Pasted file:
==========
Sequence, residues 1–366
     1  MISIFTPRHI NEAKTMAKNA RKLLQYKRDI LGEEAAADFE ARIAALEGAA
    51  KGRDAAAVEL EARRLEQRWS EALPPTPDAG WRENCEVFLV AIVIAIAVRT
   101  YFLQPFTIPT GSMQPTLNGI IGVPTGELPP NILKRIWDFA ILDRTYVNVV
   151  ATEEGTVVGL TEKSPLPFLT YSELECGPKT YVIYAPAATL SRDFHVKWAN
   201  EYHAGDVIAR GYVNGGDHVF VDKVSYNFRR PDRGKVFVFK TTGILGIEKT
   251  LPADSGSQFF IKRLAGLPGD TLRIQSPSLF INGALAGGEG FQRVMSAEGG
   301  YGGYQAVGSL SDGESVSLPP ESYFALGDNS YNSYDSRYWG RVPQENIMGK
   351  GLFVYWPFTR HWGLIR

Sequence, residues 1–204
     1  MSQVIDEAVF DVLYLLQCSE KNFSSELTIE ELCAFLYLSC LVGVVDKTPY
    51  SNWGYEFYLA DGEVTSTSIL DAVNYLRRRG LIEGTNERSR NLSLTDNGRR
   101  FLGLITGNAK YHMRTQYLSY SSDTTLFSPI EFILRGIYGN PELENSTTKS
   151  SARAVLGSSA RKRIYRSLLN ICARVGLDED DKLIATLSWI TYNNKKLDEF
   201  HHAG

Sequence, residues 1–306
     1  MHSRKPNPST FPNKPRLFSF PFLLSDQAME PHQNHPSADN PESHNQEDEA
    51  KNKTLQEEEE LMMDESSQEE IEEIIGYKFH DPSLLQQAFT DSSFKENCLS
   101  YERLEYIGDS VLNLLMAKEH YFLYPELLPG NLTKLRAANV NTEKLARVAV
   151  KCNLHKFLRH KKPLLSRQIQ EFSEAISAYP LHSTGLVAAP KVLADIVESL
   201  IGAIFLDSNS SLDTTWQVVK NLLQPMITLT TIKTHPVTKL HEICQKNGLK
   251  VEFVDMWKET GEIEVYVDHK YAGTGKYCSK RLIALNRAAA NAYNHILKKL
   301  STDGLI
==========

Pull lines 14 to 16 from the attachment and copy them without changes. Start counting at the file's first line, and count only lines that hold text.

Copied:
   151  SARAVLGSSA RKRIYRSLLN ICARVGLDED DKLIATLSWI TYNNKKLDEF
   201  HHAG

Sequence, residues 1–306